Implications for Screening

Inclusion Probability generated from the Screening model is also available as a filter in Inspector, which can assist with finding records based on their chance of inclusion/advancement. Bulk Actions can also be taken at your discretion, but ensure that you are careful in excluding studies if you have not reviewed their Abstracts at least!

Model Performance

Our Philosophy

Screening is a complex task that relies on human expertise. Our model may stumble due to:

  • Insufficient training examples (usually included/advanced records) to learn from
  • Data not available to the model (e.g. screening with a full text article, missing abstract)
  • Weak signal amongst available predictors against protocol

For these reasons, we recommend using the model to augment your screening workflow, not fully automate it.

How can it augment your screening?

  • Excluding clearly low-relevancy records
  • Raising high relevancy records to reviewers

Our model errs towards including/advancing irrelevant records over excluding relevant records. In statistical terminology, the model aims to achieve high recall. In a review, it is far more costly to exclude a relevant study. Once excluded, reviewers are unlikely to reconsider a record. In contrast, an included/advanced study will be revisited multiple times later in the review, more readily allowing an incorrect include/advance decision to be corrected.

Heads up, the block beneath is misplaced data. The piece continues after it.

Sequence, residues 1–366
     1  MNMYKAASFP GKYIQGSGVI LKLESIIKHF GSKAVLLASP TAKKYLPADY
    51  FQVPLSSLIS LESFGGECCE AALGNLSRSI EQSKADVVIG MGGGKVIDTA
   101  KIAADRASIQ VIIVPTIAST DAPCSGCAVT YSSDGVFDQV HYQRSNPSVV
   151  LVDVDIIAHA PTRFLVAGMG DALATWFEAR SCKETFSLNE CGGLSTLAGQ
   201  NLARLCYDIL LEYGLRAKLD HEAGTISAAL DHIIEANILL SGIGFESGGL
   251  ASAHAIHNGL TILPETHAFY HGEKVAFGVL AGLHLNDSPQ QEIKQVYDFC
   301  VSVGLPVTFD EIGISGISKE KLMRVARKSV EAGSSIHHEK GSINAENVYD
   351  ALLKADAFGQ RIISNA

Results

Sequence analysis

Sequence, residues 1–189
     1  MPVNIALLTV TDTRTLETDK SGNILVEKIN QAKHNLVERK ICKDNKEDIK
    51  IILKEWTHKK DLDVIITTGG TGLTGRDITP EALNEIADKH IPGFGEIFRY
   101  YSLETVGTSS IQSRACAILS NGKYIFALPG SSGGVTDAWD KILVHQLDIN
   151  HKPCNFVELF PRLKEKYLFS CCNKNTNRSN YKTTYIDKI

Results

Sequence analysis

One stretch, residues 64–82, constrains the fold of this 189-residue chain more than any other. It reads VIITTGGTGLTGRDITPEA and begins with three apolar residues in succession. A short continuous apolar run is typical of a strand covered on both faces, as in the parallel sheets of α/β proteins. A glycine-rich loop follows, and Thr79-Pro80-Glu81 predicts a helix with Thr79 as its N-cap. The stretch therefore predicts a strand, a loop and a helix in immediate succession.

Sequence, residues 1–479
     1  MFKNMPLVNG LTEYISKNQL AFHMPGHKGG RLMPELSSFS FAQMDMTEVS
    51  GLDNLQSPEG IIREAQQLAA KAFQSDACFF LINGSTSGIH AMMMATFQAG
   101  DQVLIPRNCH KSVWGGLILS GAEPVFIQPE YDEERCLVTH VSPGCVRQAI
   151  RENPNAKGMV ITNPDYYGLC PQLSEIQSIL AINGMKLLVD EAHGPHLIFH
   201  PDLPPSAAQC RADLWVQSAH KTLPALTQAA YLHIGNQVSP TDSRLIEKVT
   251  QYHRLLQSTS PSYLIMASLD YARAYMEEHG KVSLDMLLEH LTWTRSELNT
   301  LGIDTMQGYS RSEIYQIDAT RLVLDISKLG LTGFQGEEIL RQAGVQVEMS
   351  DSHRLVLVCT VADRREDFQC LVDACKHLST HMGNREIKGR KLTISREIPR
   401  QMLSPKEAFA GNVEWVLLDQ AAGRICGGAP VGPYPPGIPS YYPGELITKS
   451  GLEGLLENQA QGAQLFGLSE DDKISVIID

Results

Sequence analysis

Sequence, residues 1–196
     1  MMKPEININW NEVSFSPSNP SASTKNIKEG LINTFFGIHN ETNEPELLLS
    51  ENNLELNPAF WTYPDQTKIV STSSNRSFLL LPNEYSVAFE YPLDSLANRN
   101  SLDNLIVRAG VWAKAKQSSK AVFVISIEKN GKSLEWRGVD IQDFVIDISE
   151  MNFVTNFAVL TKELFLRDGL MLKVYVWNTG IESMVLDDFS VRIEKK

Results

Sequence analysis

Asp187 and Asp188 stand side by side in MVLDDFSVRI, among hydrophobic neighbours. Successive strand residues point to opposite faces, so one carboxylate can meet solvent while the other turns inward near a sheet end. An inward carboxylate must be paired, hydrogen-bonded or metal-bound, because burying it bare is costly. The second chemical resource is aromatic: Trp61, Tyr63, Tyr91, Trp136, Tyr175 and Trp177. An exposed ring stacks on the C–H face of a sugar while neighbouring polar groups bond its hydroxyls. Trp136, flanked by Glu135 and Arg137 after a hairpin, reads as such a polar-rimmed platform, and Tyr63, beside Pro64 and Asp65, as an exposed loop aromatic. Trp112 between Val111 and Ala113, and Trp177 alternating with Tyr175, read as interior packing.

Testing out the model

In an internal study, Nested Knowledge ran the model across several hundred SLR projects, finding the following cumulative accuracy statistics:

Standard Screening

  • Area Under the [Receiver Operating Characteristic] Curve (AUC): 0.88
  • Classification Accuracy: 0.92
  • Recall: 0.76
  • Precision: 0.40
  • F1: 0.51

Two Pass Screening

In two pass screening, the model predicts advancement of a record from abstract screening to full text screening. Given that advancement rates are typically higher than inclusion rates, the model has more positive training examples, and demonstrates improved recall.

  • AUC: 0.88
  • Classification Accuracy: 0.93
  • Recall: 0.81
  • Precision: 0.44
  • F1: 0.56

Following our philosophy, recall is relatively higher than precision: the model suggests inclusion/advancement of a larger amount of relevant records, at the cost of suggesting inclusion of some irrelevant records. Due to class imbalance, the model scores a 90%+ classification accuracy, predominantly consisting of correct exclusion suggestions.

For comparison purposes, our study found human reviewer recall (relative to the adjudicated decision) was 85% in the average nest. Our models are within 4 & 9 points of human performance on this most critical measure.

Analyzing Your Nest